During our last visit to El Salvador, we had no intention of interviewing anyone for stories. We had a dual purpose for this trip – to baptize the daughter of a scholarship student and to celebrate with some of the scholarship students we have supported for many years who were being ordained into the Lutheran ministry. The latter date was planned two years in advance. It was touch and go up to the day of our scheduled flight whether we would make it due to medical issues on both of our parts.
But we got on the plane delighted to be en-route with the attitude that IF we happened upon someone with a story to tell, we would take it, but we would not seek anyone out. However, when my partner disappears from sight for a period of time, I can generally predict what he is up to. Like a good detective or reporter, he has an uncanny knack of sensing someone in a crowd whose story needs telling. I marvel how some of our best stories come about in this very spontaneous, unscheduled way.
The first discovery was Tulio. Tulio has written his own bilingual book, and I have no need to re-write it; however, having read the copy he loaned me, I may later write an abbreviated adaptation of his story for the readers of this blog.
Like many survivors of the country’s civil war and refugee camps, Tulio witnessed horrific atrocities inflicted on his immediate family members which later resulted in a family diaspora as well as burning of his village. He broke down only once when talking about witnessing the rape and subsequent death of his younger sister whom he was extremely attached to.
His heavy story just goes from sad to sadder. Yet within it are places that made me smile and think, “Wow! How fast-thinking and clever.” I decided to share a couple with you, our readers.
The military annihilated Tulio’s family except for him and was determined to eliminate him as well. Through some clever shenanigans, though, he was able to outsmart them and escape.
It was on January 11, 1981, in Soyapango, when Tulio heard guns approaching in a supposed “safe house” where he was leading youth as an FLMN organizer. Knowing he had few choices to escape, he pretended to be a crazy, sick person aimlessly wandering around the facility hoping the soldiers would be uninterested in pursuing him. He was correct, and his quick-thinking ruse saved his life.
Another time he sensed an ambush was being set up for him while he and a comrade were traveling in a vehicle on a remote road. When the soldiers appeared, he was already disguised as a pregnant woman headed to the hospital for delivery. The bluff worked, and the soldiers allowed the two to quickly pass.
How anyone can survive psychologically and emotionally from these kinds of trauma and then go on to minister to the needs of the country that destroyed him challenges my comprehension. Yet he does just that. Today Tulio dedicates his life to fund-raising for CRECE, an organization to gather supplies into large shipping containers to send to poor communities in El Salvador to improve their standard of living. He travels from his home in the U.S. twice a year to distribute the supplies.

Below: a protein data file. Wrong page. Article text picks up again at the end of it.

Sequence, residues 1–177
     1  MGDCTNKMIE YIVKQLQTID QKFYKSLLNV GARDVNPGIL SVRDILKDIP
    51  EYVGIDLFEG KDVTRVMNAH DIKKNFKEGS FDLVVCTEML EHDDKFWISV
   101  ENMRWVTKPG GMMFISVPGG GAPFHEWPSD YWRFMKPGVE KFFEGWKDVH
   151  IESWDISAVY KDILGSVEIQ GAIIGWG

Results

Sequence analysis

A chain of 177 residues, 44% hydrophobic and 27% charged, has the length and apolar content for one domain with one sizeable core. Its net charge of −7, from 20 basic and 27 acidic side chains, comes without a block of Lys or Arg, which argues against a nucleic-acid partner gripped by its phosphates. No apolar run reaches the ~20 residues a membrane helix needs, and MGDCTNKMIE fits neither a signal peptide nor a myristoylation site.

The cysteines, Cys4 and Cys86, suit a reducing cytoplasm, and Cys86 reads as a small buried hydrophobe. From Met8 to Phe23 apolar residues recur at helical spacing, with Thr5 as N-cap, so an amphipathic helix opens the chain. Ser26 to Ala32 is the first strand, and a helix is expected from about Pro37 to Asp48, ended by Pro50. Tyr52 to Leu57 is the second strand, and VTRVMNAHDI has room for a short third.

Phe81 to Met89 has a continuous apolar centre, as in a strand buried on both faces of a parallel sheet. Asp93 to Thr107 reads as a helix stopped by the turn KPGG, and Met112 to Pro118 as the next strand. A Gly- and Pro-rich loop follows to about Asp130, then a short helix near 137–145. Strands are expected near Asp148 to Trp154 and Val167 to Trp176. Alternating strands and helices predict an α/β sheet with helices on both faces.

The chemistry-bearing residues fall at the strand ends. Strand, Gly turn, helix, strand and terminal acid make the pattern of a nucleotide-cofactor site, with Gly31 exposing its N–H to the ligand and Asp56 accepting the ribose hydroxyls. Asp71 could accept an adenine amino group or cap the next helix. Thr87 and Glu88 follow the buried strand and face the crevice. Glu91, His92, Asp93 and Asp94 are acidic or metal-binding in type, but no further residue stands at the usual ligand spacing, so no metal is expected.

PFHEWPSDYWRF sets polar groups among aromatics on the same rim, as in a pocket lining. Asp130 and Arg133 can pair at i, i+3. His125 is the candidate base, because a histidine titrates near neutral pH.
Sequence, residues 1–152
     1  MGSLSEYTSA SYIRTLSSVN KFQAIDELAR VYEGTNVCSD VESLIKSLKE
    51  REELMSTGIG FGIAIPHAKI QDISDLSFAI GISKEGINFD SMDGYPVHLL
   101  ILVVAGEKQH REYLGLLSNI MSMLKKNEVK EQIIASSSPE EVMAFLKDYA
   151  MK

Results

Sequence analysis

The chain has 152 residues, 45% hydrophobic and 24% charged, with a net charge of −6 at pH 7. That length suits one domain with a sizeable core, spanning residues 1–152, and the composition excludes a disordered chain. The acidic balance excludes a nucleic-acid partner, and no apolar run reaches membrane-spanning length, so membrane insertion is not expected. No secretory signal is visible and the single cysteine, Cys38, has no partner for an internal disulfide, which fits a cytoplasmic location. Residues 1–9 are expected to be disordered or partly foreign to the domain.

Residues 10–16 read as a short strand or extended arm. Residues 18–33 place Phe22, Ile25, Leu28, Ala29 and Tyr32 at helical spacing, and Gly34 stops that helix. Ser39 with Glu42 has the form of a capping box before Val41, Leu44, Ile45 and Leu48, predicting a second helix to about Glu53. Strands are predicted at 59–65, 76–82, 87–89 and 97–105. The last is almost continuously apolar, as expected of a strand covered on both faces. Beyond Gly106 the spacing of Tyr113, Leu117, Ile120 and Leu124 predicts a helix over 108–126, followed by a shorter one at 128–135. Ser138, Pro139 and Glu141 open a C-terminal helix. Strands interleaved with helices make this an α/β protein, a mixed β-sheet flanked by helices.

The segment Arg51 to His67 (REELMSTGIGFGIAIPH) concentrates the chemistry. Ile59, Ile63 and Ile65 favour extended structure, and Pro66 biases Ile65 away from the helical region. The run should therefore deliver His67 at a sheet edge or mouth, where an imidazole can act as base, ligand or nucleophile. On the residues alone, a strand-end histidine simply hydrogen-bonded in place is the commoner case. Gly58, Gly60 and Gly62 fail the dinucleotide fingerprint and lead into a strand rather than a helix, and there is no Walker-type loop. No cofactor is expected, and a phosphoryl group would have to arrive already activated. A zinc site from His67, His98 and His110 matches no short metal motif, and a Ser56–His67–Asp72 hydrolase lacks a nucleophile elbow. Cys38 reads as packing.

On another day of our visit that week, we attended a celebration at Fe y Esperanza, a former Lutheran refugee camp during the country’s civil war. That day of our visit a wall was being dedicated with names of hundreds of refugees who had lived there during those war years when it served as a refuge of protection for innocent villagers.
Among the many speakers the day of our visit to Fe y Esperanza was one of the survivors, Rosaura, who lived there as a young girl. She described being so weak from starvation and dehydration the day she arrived at the camp that she was unable to climb out of the back of the truck without assistance. She described how Bishop Medardo Gomez welcomed all the people with open arms and had a table full of fruit and hammocks ready for them. “The following day the military trucks came with soldiers carrying weapons pointed at us. I casually wandered to the front smiling, ‘Welcome. Are you here to visit us?’” Apparently, weapon-carrying soldiers are unaccustomed to greetings from friendly, young girls.
They then demanded, “Who is in charge here?!” Someone must have given Bishop Gomez’s name because the soldiers asked Rosaura where to find him. “Well, he’s probably in the church [in the city]” she responded, knowing full well he was there with them all along. Quickly the soldiers exited the camp and presumably headed into the city in search of the bishop. This young girl’s ruse probably saved the bishop as well as many other lives of the refugees at the camp that day.
Today Rosaura works to preserve the memories of the many hundreds of people who lived in that refugee camp. She wants that time in Salvadoran history to never be forgotten.
Both of these endangered people could have been shot and killed instantly in the blink of an eye. What gave them the courage to think up creative ways to outsmart their would-be assailants so quickly and effectively divert the fatal action of the soldiers? Was it bravery, courage, or divine intervention? Did miracles take place?
As I reflect about the stories they each shared, the miracle of their survivals didn’t end on a particular day of their clever ruses. The long-term miracles seem to be in how they each chose to live their lives after their trauma during the war. In each case, they live in humility and service rather than in bitterness and grudges. THAT takes commitment and courage!